Academic journal article Journal of Legal, Ethical and Regulatory Issues

Did Commercial Banks Close Branches in Low-Income Neighborhoods in Response to the CRA? Implications for Understanding the 2007-2008 Financial Crisis

Academic journal article Journal of Legal, Ethical and Regulatory Issues

Did Commercial Banks Close Branches in Low-Income Neighborhoods in Response to the CRA? Implications for Understanding the 2007-2008 Financial Crisis

Article excerpt

INTRODUCTION

Many Americans were caught off guard by the magnitude of the financial crisis that began quietly in 2007 and in earnest in the fall of 2008. Indeed, the crisis surprised even those who were assumed to be in the know; regulators, government officials, and leaders of financial intermediaries. With surprise came confusion as the nation began asking "how did this happen?" There seems to have emerged two general perspectives on the cause of the latest financial crisis. One perspective focuses blame on deregulation while the second perspective finds culpability in regulators, regulations, and government enterprises. Since the first perspective finds fault in not enough regulation and the second perspective finds fault in too much regulation, the perspective that finds the most support amongst law makers will undoubtedly shape the future of banking and finance. Consequently, the stakes in this discussion are extremely high.

While both perspectives on the crisis are outlined in detail below, this paper focuses on a narrow segment of the second perspective. Within the school of thought that too much regulation is to blame, many scholars offer the possibility that the Community Reinvestment Act (CRA) contributed to the crisis. Essentially, the CRA encourages commercial banks to provide credit to all the residents of their local area. Many scholars have interpreted the CRA to be a mandate for commercial banks to extend credit to borrowers who would otherwise not qualify for commercial bank loans. If the CRA pushed bankers to make high risk mortgages that they would not have made in absence of the regulation, the theory is that this contributed to the run up of subprime mortgages and, consequently, contributed to the crisis. In the weeks and months after the height of the crisis, scholars pointed out this culpability on the part of the CRA. Quickly, scholars, particularly from the Federal Reserve who regulate CRA institutions, produced evidence that the CRA was not at fault.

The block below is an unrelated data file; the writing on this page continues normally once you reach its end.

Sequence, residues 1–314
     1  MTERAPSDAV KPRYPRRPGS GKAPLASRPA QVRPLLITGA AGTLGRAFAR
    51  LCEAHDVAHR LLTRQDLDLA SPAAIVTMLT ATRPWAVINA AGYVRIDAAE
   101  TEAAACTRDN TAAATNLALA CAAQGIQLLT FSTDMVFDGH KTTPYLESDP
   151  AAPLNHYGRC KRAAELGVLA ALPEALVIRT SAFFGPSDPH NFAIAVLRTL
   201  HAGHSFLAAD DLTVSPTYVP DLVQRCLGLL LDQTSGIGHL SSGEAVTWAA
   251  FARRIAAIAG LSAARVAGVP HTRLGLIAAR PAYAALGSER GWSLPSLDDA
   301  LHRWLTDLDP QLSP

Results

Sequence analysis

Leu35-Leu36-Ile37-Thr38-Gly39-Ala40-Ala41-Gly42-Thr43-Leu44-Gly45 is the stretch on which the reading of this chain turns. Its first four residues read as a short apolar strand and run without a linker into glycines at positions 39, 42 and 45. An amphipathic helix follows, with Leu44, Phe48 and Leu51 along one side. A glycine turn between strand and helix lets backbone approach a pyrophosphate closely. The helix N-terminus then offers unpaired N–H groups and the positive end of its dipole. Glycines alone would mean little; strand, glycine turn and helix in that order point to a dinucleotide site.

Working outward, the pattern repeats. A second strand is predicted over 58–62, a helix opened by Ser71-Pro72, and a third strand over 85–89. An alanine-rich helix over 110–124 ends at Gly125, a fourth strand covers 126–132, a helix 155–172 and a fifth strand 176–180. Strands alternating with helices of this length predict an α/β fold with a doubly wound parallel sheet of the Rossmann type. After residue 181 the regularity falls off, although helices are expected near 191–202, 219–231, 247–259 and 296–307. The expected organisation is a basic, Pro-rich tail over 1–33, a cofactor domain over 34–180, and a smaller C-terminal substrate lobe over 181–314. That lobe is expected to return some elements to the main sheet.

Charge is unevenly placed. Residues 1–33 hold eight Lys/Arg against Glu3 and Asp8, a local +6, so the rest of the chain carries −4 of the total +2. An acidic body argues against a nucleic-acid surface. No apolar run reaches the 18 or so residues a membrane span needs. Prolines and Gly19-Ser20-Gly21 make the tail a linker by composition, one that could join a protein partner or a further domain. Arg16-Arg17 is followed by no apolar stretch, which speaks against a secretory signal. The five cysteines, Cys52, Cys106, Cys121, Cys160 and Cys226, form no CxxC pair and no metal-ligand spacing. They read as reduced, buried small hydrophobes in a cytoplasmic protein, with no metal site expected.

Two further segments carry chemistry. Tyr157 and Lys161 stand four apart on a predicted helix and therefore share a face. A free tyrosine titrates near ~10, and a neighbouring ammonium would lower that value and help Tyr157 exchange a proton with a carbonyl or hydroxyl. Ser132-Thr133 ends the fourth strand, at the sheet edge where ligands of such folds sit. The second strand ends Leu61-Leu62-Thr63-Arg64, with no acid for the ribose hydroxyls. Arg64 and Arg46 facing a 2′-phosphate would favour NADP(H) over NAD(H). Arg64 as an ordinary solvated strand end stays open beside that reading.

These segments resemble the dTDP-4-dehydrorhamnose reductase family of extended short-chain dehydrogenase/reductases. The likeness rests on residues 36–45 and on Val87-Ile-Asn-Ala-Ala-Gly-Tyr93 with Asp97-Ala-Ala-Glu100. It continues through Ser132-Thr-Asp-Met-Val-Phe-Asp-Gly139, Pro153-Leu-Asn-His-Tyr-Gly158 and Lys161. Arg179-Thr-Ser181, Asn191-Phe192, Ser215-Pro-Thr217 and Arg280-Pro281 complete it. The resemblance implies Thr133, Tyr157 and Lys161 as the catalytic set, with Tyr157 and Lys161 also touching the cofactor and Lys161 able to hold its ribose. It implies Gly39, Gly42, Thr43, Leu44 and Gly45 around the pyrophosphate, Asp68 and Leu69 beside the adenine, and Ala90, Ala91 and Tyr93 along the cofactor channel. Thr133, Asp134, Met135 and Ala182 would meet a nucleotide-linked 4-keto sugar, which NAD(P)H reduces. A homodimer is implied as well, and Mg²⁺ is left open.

The disagreement over the role of the CRA is not easily resolved. Because there is no comprehensive data on CRA loan performance, one cannot know with certainty how those loans impacted the health of commercial banks. (1) In 1999, Congress passed the Gramm-Leach-Bliley Act which, among other things, directed the Federal Reserve Board of Governors to study the impact of the CRA on the performance and profitability of bank credit. Using the results from survey data, the Board found that CRA lending increased substantially to low-income borrowers during the 1990s (Avery et al., 2000). Further, large bank survey respondents admitted that many do not track CRA-related lending separated from general lending so it is difficult to reach conclusions on the impact of CRA lending on bank profit (Avery et al., 2000). Finally, large bank respondents indicated that mortgage and refinancing credit was less profitable and had similar or higher delinquency rates than non CRA mortgage and refinancing credit (Avery et al., 2000). Indeed, Avery et al. (2000) report that approximately 63 percent of the large bankers noted that CRA mortgage and refinance lending was less profitable than overall lending in this area. Thus, data on the profitability and performance on CRA credit is limited but certainly suggests that it hurts large bank profitability.

While the data on the performance of CRA loans is limited, there is comprehensive data on agreements that banks entered to meet CRA standards. (2) Some of these agreements are to keep open branches in low-income neighborhoods. If banks are entering agreements not to close branches, how many branches are actually closed in low-income neighborhoods? How many were closed in the years prior to the crisis? If the number is substantial, does this mean that banks exited these pools of high risk borrowers in an attempt to avoid the CRA? If so, does this compromise the position of the Federal Reserve who maintains that CRA institutions performed well throughout the crisis? …

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